The assesment of risk of bias resulted in almost 93% of the studies identified as having high risk. The threshold to differentiate between low and high risk of bias studies was based on the methodological study of van Tulder et al  in which they assessed the validity of the Cochrane Collaboration's tool for assessing the risk of bias in trials with back-pain interventions. In this study a threshold of 50% or less was associated with bias, therefore similar to van Rijn et al  it was decided that studies with 6 or more points were regarded as high risk studies. Critical items in the risk of bias assessment were items on randomisation (item 1), allocation concealment (item 2), and blinding (items 3,4, and 5).
None of the studies scored positively on patient or care provider blinding, which is devoted to the fact that the setting of physical therapy often does not lend itself to the blinding of patients or care givers. All of the studies scored "unclear"on the item concerning compliance, and in 86% of the studies it was unclear whether or not co-interventions were avoided. Hence, these studies are more susceptible to selection bias, and as a consequence, the generalisability of the results in this review is adversely effected.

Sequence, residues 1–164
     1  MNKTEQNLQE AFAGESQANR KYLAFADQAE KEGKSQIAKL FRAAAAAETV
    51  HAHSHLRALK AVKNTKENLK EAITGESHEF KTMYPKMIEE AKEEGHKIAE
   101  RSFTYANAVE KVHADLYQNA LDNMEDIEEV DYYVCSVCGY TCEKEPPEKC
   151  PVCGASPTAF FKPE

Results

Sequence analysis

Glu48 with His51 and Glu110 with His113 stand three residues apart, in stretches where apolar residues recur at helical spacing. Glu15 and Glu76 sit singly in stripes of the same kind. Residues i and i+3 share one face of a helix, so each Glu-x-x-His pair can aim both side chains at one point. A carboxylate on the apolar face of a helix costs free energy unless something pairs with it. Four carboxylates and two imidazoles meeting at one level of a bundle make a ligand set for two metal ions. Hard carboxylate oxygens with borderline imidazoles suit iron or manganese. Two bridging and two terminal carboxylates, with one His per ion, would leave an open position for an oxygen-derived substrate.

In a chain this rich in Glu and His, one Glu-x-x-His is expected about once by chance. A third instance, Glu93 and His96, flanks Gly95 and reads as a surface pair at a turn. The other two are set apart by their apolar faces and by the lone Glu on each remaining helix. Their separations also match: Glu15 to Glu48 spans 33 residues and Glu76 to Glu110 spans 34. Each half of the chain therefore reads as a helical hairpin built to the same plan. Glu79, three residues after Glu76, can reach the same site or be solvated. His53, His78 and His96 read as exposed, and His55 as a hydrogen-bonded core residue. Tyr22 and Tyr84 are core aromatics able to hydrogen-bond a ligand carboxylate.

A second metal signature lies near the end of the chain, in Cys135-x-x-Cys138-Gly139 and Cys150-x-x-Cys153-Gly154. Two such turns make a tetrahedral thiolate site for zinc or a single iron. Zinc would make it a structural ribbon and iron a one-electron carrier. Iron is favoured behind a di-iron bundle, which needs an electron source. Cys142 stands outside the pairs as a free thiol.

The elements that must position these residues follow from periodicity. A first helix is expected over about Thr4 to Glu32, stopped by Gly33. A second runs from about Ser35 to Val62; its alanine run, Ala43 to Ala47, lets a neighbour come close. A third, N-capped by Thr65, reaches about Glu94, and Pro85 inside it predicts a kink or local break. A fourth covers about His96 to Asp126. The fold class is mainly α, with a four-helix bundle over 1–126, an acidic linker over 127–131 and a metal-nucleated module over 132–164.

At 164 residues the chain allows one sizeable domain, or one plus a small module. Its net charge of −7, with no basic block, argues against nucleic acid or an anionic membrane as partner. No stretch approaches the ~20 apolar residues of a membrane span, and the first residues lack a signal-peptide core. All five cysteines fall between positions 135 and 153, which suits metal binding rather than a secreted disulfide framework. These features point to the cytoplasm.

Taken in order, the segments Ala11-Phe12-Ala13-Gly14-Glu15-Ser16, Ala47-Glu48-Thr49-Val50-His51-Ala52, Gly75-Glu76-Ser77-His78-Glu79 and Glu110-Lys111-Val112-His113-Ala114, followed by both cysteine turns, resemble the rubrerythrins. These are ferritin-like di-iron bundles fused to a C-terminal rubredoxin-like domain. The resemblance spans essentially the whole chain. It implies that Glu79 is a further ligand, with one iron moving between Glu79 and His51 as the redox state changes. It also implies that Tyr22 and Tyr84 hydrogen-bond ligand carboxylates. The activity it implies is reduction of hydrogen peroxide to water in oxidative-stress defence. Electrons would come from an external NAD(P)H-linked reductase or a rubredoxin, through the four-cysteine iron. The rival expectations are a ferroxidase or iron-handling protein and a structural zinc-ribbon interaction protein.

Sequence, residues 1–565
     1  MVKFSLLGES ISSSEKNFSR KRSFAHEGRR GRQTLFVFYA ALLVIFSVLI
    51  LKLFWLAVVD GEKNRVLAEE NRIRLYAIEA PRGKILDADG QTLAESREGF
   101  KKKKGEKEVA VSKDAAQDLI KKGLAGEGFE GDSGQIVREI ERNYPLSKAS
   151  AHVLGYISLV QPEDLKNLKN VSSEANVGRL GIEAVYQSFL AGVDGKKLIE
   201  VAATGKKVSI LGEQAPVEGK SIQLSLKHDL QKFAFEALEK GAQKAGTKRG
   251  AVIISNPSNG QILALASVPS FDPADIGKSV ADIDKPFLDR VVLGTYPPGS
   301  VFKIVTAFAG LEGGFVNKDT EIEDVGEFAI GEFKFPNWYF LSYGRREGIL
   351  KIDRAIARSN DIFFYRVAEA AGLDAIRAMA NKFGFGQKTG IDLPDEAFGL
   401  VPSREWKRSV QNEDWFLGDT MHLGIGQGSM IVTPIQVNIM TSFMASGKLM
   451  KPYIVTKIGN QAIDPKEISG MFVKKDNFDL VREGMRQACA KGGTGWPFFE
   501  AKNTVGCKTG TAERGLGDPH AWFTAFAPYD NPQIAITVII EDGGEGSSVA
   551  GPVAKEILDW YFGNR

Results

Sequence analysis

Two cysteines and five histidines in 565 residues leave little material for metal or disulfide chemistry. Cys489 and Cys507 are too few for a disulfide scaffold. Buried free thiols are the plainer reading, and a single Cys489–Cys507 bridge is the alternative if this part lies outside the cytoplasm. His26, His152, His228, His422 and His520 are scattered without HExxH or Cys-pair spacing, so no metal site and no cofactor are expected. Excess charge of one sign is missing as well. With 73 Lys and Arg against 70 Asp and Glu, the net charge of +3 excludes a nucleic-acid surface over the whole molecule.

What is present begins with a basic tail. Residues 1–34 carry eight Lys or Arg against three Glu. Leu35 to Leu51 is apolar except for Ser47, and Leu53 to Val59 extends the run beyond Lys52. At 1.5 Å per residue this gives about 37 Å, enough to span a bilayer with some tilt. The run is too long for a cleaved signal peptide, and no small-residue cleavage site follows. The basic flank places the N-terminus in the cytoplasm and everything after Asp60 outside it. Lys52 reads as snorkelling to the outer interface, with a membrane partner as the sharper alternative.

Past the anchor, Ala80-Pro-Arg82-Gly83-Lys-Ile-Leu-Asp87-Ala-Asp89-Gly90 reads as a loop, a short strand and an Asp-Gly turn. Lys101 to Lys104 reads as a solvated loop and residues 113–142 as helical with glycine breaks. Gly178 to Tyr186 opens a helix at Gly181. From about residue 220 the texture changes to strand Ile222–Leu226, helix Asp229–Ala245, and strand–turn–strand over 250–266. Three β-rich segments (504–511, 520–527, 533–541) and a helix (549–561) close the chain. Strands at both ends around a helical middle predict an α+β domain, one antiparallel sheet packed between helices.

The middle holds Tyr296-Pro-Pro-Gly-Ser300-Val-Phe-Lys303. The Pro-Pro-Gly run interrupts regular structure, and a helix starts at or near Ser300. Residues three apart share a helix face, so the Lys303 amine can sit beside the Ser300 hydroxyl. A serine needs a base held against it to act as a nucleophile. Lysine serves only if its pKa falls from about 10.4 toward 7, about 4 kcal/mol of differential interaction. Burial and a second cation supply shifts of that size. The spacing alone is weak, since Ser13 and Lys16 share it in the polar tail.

There are a number of plausible explanations to account for the variability in findings among certain studies, and the failure of others to produce statistically significant results. In the studies pertaining to static joint stability [6–8, 10, 20–24] measures taken in the absence of visual cues tended to produce more meaningful results than those where visual input was retained. Vision is an extremely important sense for the control of balance. It is believed that even when somatosensory input is disrupted due to injury, visual information can provide an adequate amount of feedback to compensate for deficits in the central pathways or the vestibular system [37, 38]. Hence, it was perhaps unsurprising that when this compensatory mechanism is removed through closing the eyes, deficits in the sensorimotor system become more apparent. This may be an important consideration for researchers to bear in mind when selecting outcome measures in the future.